With so many great films out there, personally I don't see how folks can go with one maker only and shun the others. To me that's really doing oneself a dis-service (I'm thinking of the big three here: Kodak, Fuji & Ilford - in no particular order.)
I shoot 99% black and white now, and there are so many great films to choose from: Acros, Presto, TMAX, Tri-X, Delta and Pan F Plus. For color film you've got Velvia, Elite Chrome, E100vs, Portra, Fortia, etc, etc.
Just go out and shoot, I say
Those who know, shoot film
Yes But can it match the grain structure of hokey pokey at er... 68F?
Originally Posted by 3Dfan
Seriously though...i love some Kodak films (particularly Tri-X) and I am glad that they still make them and they are readily available even though i prefer Fuji for colour trannies. I agree with the poster who suggested that it should not be an either/or proposition.
Most of the latest Agfa consumer films were neither remarkably good or bad. Agfa's print films allow scanning quite well, but grain is - especially in thin areas - more pronounced than of Kodak's and Fuji's equivalents (Superia/Press 800 is less grainy than Agfa Vista 200, not to mention Vista 800).
Originally Posted by Photo Engineer
CT Precisa 100/RSX II 100 shows nice saturated and neutral colors, but relatively poor sharpness and resolution; scanning at 5400 dpi results only in lost disk space. RSX II 200 was acceptable only for medium format. Apparently Agfa never moved forward into the fine grain and thin-layer emulsion casting technology as Fuji first did with Velvia (and Kodak lately with the E 100 G/GX family), and "pepper grain" remained noticeable even in the last film generation.
Agfa films were widely sold at discount prices as generic brands. Now Kodak fills this gap. Fuji sells discount films as well (especially a Fujicolor Z 200 print film), although I don't know anything about these. Data sheets aren't available for such products.
I have read in a comparison to Fuji Crystal Archive that Agfa's photo paper wasn't very stable to fading. In general it seems that Agfa's technology was at least 10 years behind its competitors (in slide films at least), so it is no wonder that they finally gave up.
Interesting post, but I had to pick up on the reference to E100VS having an amber/purple colour shift; I've never noticed this with a properly exposed and developed roll of E100VS. Is this some piece of 'common knowledge' I need to pick up on so placebo effect can convince me (a bit like "Velvia is good")?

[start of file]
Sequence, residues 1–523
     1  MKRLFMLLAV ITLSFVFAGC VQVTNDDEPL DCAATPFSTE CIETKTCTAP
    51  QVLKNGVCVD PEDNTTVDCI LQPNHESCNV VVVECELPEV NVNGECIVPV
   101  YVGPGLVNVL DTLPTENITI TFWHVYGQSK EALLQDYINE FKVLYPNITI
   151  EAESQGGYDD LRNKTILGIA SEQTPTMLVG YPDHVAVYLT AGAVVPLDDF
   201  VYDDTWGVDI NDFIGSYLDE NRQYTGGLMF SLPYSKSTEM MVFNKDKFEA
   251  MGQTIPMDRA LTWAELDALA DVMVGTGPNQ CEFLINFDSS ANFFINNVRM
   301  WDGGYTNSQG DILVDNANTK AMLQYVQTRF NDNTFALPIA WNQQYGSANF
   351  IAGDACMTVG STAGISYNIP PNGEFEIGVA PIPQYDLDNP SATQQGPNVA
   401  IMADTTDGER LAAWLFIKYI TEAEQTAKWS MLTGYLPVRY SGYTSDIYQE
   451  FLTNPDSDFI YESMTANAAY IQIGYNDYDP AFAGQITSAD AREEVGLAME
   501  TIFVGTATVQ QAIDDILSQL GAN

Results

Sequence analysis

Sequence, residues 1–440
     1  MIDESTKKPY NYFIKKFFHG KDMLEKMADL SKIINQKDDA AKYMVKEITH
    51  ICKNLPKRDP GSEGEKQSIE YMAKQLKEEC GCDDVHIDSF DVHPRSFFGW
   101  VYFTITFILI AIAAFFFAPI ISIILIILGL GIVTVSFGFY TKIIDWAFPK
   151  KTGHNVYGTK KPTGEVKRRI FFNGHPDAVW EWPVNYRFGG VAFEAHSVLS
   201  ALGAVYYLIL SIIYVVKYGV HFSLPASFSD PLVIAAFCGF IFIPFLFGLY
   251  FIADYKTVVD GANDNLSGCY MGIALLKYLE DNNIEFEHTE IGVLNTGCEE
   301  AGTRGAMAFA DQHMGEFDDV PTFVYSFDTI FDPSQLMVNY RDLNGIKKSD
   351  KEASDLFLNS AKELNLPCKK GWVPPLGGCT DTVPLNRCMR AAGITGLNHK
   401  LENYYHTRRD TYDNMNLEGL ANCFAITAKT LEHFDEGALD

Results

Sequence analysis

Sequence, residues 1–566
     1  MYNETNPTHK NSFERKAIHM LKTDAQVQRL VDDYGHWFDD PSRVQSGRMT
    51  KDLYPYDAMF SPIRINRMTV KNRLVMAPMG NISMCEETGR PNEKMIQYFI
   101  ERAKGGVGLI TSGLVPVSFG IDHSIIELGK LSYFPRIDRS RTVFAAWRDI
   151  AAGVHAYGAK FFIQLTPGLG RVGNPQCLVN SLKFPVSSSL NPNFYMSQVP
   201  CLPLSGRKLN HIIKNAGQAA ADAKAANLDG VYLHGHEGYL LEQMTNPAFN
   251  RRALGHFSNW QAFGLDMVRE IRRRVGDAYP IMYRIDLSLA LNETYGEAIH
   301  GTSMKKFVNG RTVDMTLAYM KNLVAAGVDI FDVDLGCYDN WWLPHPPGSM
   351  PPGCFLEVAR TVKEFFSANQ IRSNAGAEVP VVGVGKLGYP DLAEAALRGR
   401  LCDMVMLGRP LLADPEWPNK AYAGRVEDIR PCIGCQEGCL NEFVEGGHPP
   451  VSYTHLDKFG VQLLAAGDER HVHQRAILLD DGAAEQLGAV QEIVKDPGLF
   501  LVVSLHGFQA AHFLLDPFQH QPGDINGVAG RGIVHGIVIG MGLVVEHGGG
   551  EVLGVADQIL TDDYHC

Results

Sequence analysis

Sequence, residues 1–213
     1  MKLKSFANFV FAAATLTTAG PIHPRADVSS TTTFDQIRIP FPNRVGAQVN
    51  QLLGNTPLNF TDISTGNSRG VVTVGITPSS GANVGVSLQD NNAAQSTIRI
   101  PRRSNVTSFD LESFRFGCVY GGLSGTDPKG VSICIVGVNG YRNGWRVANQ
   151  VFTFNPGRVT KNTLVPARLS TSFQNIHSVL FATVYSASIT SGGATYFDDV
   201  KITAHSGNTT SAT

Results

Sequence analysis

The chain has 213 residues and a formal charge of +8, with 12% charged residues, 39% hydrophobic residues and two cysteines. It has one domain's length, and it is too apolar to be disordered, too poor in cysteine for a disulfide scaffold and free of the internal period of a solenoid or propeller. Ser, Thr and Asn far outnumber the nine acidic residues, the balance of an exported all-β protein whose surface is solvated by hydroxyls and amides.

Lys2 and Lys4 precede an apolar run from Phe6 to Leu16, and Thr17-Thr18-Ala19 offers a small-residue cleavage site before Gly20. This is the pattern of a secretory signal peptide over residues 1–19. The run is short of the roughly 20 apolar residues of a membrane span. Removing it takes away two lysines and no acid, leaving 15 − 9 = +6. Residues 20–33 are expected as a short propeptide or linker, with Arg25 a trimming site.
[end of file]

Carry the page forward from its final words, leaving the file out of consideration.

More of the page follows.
Originally Posted by Heinz_Anderle
You also touch on but then ignore something which is important in this day and age though - scannability. In my experience, all the current Ektachrome films scan far more easily than the Fuji reversal films.
At the end of the day it's about personal preference. I have no love for Velvia (this makes me a leper to begin with, I know) - despite having a freezer full of the stuff, I go out and buy E100VS rather than shoot the Velvia. Astia I'm entirely undecided on - I'm trying but failing to like it, and will fall back to E100G or GX in the same sort of shooting situations.
But, Provia 100X is an excellent film and my 'go to' slide film, and my very limited experience of Provia 400X so far suggests that it's a film I could fall in love with.
Or in other words, why hitch your wagon to only one star? OK, I'm a novice photographer - I've only been shooting slide film for about 9 months - but I've tried a fair few and more or less settled on E100GX, E100VS and Provia giving me the palette I need.
About the only complaint I have about Kodak is (a) the cost and (b) the difficulty of getting hold of sheet film.
Another day goes under; a little bourbon will take the strain...
I would have KILLED for today's film, any brand, back when I first got into photography! The combination of 70s glass and 21st. century film is a sweet spot that is hard to beat!
I do tend to prefer Big Green over Big Yellow in many cases, but I have some favorites on the K side of the divide as well.
Sponsored Ad. (Subscribers to APUG have the option to remove this ad.)
I have to say I love them all.
Kodak favorites: Tri-X, Portra of all kinds
Fuji favorites: Neopan 400, Provia 100 and 400, Superia 200 of all things
Agfa favorites: RSX 100 (still have half a box of 4x5), APX 100 & 25 (come back to us please!)
Konica made good slide film.
I don't pick favorites among brands, all of them have excellent offerings.
"Often moments come looking for us". - Robert Frank
"Make good art!" - Neil Gaiman
"...the heart and mind are the true lens of the camera". - Yousuf Karsh
If I could only pick one film comapny it would be Kodak. I don't have to pick one company and never will.
Because of their business practices and attitude towards those of us who used to support them by buying products... I wouldn't buy Kodak ever again.
They used to be a good company and provided actual support and products we could use. Now they discontinue Azo when they were the only supplier worldwide of a contact printing paper... that NEVER lost money in sales for them. Always made a profit, just not a high enough profit recently for the stockholders. Piss on the B&W printer is the attitude at Kodak. Piss on them all, not just the Azo users.
So... piss on Kodak.
Care to produce any evidence that EK has made money on Azo at any point in the last half-century?
Originally Posted by WarEaglemtn
Didn't think so.
Digital Photography is just "why-tech" not "high tech"..
I hope you are proven right.
Originally Posted by jd callow
I don't shoot much color but I generally prefer Kodak for C-41 films and Fuji for E-6.
I've used quite a bit of Kodak B&W and only a very little bit of Fuji Neopan 400. Neopan is a very good film but I still prefer the Tri-X look.
Digital Photography is just "why-tech" not "high tech"..